But if you think about it, what will go on this Sunday morning at Smithfield hasn't changed much from Bonheur's basic scene, which shows the horse market in Paris in the 1800s. Someone should document the few horse fairs that still exist. I know there are still big ones in India and Mongolia--where else are they still held?

Wednesday, October 28, 2009

From Sim to Mo-Cap to Slo-Mo: Have Another Look at the Horse in Motion

by Fran Jurga | 28 October 2009 | Fran Jurga's Hoof Blog

Today I hurt my eye and it made the world a different place. Depth perception was different, some things don't quite line up, and this computer screen is a little blurry so this post will be a media-rich one. I'll let the videos tell the story.

And the story is exactly what I have been experiencing: how do we look at things? You read research reports and case studies and observations on this blog all the time, but they are from the viewpoints of different original sources. Here are some examples of the sources the Hoof Blog uses.

This is a computer-generated leg model from the University of California at Davis. The model lives in a perfect world. Someone designed a limb with arbitrary (or perhaps intentional) conformation and measured the resulting tendon, ligament and muscle forces if this ideal limb was moving over a perfectly smooth, non-deforming surface.

This is what we now call "traditional" two-dimensional video analysis, often used for before-and-after shoeing and trimming evaluation.

This very brief clip is 3-D analysis. You might want to use the play button to start and stop it and see more detail.

Finally, here's high-speed video, or what you might call high-quality slow motion. This polo pony is exhibiting the same stride characteristic as the computer model at the top but wow! he is influenced by the weight and lean of his rider and the variable deformability of the field as well as, no doubt, probably some conformational traits that offset his limb alignment. This is the real world.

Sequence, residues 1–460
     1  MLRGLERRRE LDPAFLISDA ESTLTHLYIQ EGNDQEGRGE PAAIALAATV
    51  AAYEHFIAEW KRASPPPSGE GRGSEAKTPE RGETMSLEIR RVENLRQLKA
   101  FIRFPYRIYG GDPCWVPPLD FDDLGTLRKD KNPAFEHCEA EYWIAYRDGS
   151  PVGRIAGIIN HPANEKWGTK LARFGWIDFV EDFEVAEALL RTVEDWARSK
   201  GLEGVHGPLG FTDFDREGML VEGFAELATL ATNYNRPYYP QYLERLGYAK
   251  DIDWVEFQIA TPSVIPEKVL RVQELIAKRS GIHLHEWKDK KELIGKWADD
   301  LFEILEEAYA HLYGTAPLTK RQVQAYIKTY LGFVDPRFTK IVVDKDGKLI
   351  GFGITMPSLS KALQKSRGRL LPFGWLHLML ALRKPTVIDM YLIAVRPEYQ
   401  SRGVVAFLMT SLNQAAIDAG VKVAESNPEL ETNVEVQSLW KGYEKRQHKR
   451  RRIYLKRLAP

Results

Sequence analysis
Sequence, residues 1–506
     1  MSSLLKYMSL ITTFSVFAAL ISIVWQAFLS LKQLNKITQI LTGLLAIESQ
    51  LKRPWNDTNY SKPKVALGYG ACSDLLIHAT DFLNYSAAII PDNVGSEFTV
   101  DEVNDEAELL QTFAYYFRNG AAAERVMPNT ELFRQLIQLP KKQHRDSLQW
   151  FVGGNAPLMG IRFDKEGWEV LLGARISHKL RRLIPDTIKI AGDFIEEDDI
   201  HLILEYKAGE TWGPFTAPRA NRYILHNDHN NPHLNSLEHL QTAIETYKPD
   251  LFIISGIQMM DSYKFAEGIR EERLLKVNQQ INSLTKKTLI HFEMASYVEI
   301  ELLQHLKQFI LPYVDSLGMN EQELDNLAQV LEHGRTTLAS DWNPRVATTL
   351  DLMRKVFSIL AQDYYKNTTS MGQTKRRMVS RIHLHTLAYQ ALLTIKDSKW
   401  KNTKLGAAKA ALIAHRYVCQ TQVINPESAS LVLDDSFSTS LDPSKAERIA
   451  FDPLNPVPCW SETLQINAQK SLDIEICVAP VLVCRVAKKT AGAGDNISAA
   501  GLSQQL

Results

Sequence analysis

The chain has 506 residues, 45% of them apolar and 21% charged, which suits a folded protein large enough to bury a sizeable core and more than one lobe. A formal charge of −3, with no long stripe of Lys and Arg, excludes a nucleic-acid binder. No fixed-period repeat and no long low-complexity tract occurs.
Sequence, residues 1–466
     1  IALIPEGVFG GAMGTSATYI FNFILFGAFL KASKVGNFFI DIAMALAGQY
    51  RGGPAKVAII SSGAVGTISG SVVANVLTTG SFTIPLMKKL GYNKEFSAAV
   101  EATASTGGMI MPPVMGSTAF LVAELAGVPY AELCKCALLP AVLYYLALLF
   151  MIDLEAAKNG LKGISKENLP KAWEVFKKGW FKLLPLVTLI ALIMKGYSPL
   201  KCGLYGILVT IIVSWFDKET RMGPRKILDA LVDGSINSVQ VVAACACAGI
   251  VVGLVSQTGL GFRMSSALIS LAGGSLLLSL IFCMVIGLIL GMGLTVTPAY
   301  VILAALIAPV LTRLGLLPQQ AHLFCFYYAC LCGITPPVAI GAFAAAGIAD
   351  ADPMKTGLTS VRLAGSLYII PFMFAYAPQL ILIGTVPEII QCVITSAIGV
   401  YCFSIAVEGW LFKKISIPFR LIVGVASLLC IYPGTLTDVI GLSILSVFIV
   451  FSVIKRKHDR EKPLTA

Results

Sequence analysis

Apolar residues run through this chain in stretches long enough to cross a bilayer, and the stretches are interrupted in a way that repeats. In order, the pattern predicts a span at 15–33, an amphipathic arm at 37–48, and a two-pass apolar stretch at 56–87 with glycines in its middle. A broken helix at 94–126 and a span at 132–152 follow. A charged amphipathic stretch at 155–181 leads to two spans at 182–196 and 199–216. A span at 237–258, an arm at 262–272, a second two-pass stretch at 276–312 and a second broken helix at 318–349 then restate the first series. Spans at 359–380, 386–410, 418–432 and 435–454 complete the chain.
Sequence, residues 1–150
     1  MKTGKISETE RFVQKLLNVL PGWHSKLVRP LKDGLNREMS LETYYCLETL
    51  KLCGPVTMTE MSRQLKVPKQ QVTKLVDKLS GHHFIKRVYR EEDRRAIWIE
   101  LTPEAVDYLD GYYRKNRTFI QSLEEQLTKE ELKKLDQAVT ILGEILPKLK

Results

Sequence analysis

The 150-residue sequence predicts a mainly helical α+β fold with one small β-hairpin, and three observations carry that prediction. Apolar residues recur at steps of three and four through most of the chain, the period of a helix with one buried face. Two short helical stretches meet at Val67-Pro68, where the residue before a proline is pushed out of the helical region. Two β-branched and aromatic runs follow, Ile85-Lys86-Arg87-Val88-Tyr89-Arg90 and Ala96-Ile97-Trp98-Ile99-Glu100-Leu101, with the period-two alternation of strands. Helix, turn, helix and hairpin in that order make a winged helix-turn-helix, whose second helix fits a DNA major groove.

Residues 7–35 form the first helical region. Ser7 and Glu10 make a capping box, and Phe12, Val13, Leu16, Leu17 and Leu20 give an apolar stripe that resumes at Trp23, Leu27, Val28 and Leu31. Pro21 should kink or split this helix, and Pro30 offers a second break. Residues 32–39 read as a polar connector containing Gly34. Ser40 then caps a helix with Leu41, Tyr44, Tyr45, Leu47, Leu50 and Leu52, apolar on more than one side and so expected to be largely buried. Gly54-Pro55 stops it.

There are plenty of other ways to capture horses and model their movement to study and analyze them; the idea here is that when you read an article, the authors may be extrapolating data from a computer model or from subjective observation with no data collection. You have to read the fine print and always take into consideration how a study was conducted and how many horses were in a study.

Does the moving horse interest you? Cornell University will host a veritable festival of motion capture, slo-mo and gait analysis at the 26th Farriers Conference November 14-15 in Ithaca, New York at the College of Veterinary Medicine. The early registration deadline is Friday so get organized and save $50 over the on-site fees.

Speakers at Cornell include farriers Scott Lampert of OnTrack Equine in Minnesota and Mark Aikens from Anglia Equine in England, both of whom are leaders in using videography in analyzing how shoeing and trimming effect horses' movement. Dr. Jeremy Rawlinson of Cornell will demonstrate the use of Cornell's force plate system and de-mystify the concept of ground reaction forces.

Hoofcare & Lameness is thrilled to be a part of this event. For a full schedule and list of speakers, and to register online, click here or go directly to

© Fran Jurga and Hoofcare Publishing. No use without permission. You only need to ask.

Fran Jurga's Hoof Blog is a between-issues news service for subscribers to Hoofcare and Lameness Journal. This blog may be read online at the blog page, checked via RSS feed, or received via a digest-type email (requires signup in box at top right of blog page).